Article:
"This strategy is legal and technically feasible. It is commonly known as tax harvesting, involves selling shares to realise profits within the current year and take advantage of the Rs 1 lakh exemption. Consequently, the shares can be repurchased after the start of the new financial year, allowing gains up to Rs 1 lakh to become non-taxable for the taxpayer with a revised cost of acquisition and revised date of acquisition. This approach serves to reduce investors' tax obligations over time, all while maintaining the risk profile of their investment portfolio," says Neeraj Agarwala, Partner, Nangia Andersen India, a tax and business consulting group.

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However, this option comes with its own share of risks. If an individual is using this method to book profits on their equity investments, then there are certain things to keep in mind.

Things to keep in mind when using tax harvesting to reduce total tax liability

Cost and date of acquisition would change: Tax experts say that since the individual who is using the tax harvesting method is essentially selling their equity investments and buying them back in the new financial year, the cost and date of acquisition would change.

"Tax harvesting should be approached with careful financial planning. It's crucial to consider that the date of acquisition for the reacquired share will be adjusted, and the holding period for the reacquired share will commence from the date of reacquisition," says Agarwala. This means that you will again have to hold it for a minimum of 12 months to enjoy Rs 1 lakh exemption on long-term capital gains and in case you have to sell it early you will need to be prepared to pay higher short-term capital gain taxes.

"So, if an opportunity arises to sell the shares with very good profits within 12 months after reacquisition, any gains from the sale will be considered short-term capital gains, subjecting the taxpayer to a 15% tax on the appreciated value of the shares," says Agarwala.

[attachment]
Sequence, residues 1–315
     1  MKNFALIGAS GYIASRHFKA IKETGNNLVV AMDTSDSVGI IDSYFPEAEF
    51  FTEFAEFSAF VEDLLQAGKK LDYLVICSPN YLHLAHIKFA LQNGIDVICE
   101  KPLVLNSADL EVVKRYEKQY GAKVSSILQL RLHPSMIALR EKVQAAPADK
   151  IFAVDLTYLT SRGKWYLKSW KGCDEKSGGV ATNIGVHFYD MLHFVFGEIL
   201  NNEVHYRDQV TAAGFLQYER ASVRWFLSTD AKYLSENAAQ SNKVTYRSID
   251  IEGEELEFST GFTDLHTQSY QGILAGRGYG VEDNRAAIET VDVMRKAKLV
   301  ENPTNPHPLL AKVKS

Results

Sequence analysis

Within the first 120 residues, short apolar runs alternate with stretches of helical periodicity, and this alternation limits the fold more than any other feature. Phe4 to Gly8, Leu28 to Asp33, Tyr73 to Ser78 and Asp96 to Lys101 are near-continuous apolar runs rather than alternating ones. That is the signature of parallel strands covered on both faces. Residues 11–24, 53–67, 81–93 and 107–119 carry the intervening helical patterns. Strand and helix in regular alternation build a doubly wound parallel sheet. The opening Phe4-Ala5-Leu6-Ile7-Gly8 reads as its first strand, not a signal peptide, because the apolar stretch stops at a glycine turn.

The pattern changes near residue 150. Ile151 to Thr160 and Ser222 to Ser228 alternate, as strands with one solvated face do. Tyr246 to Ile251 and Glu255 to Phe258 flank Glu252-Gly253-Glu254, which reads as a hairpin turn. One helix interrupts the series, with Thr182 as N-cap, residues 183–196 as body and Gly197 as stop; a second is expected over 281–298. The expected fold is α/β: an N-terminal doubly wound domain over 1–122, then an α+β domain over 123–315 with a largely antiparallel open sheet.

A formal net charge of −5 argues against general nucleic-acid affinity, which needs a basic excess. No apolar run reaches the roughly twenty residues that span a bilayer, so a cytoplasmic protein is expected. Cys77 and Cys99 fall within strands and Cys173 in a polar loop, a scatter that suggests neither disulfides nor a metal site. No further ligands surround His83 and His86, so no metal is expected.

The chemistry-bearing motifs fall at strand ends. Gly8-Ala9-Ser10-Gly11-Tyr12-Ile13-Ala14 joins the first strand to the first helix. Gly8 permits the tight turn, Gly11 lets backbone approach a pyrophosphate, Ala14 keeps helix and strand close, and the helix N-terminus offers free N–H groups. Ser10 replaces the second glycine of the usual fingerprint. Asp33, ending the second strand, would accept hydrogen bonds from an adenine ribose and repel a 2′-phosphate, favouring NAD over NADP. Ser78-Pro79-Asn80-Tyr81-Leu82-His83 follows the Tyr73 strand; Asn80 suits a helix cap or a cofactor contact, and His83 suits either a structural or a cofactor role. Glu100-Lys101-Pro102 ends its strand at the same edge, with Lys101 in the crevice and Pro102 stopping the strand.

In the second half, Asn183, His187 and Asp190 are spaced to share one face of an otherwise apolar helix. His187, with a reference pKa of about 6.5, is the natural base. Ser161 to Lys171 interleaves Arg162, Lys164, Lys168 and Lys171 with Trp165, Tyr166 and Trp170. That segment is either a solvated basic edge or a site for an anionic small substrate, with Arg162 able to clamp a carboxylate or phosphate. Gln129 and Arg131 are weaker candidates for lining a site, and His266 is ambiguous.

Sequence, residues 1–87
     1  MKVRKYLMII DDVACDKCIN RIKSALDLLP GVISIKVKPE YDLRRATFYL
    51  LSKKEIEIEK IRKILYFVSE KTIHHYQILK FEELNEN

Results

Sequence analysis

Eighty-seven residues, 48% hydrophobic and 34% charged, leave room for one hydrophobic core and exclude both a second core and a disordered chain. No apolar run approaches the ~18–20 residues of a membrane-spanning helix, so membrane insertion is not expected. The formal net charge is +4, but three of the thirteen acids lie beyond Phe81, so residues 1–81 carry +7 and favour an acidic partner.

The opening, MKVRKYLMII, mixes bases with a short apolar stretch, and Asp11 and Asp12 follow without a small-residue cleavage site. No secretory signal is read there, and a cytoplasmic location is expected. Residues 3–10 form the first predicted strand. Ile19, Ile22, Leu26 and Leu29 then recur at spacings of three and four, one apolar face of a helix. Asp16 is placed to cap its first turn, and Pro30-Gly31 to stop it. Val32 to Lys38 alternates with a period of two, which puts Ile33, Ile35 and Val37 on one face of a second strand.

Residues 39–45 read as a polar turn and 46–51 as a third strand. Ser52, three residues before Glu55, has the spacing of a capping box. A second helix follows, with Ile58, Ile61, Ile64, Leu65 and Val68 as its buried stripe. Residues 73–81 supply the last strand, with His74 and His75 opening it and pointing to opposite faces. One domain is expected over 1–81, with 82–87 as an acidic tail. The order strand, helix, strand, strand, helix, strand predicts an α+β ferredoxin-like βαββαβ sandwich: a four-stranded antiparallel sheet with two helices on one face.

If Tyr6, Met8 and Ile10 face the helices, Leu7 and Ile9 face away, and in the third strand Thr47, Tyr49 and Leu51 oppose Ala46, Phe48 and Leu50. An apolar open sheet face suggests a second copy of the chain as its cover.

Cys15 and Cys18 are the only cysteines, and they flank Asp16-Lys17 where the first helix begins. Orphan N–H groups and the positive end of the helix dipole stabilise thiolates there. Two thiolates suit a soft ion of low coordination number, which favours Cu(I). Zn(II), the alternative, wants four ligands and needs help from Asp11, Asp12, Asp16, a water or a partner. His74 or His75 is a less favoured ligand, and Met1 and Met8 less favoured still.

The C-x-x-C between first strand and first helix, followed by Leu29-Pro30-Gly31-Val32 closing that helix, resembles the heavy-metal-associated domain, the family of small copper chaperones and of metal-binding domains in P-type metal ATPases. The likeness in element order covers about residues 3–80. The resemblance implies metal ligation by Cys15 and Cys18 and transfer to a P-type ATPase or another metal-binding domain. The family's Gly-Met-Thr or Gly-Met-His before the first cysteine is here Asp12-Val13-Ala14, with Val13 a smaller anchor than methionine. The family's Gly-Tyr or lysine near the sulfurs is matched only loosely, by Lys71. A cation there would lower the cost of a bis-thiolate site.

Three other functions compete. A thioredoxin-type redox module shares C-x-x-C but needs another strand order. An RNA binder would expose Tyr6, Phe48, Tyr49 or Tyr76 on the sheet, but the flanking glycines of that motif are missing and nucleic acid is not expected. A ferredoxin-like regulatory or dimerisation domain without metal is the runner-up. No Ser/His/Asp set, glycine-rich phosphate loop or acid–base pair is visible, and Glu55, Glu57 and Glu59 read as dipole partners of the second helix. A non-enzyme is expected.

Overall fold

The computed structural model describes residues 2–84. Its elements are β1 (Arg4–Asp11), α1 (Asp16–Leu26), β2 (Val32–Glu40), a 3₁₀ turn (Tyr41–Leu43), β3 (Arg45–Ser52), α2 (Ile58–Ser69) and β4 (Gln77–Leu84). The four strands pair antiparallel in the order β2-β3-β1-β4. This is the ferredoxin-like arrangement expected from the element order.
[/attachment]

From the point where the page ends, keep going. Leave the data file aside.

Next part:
Litigations may arise: There is no explicit regulation in India that disallows tax harvesting however experts advise individuals to be cautious about using this method. "It is advisable for individuals to be careful about using tax harvesting method as they could potentially be questioned by the income tax authorities during tax scrutiny if the same stock is sold and bought back just to save on taxes," says chartered accountant Bhavik Gandhi, Head, Operations, Mirae Asset Capital Market.

Opportunity loss might exist: Equity markets are volatile, and the prices of shares fluctuate by the second. There is always a chance that the equities that you sold for capital gain benefit may rise suddenly just after your selling. In this case, you may end up losing the gains and have to repurchase the same equity at a higher price.

Impact of brokerage and other costs: Depending upon your stockbroker a brokerage and other statutory charges like stamp duty, security transaction charge, other charges would be charged whenever a listed share is bought or sold. "Tax harvesting method would not work effectively if brokerage and other costs are on the higher side. Hence individuals opting to use tax harvesting method to lower their tax outgo should keep this in mind," says Gandhi.

This story originally appeared on: India Times - Author:Faqs of Insurances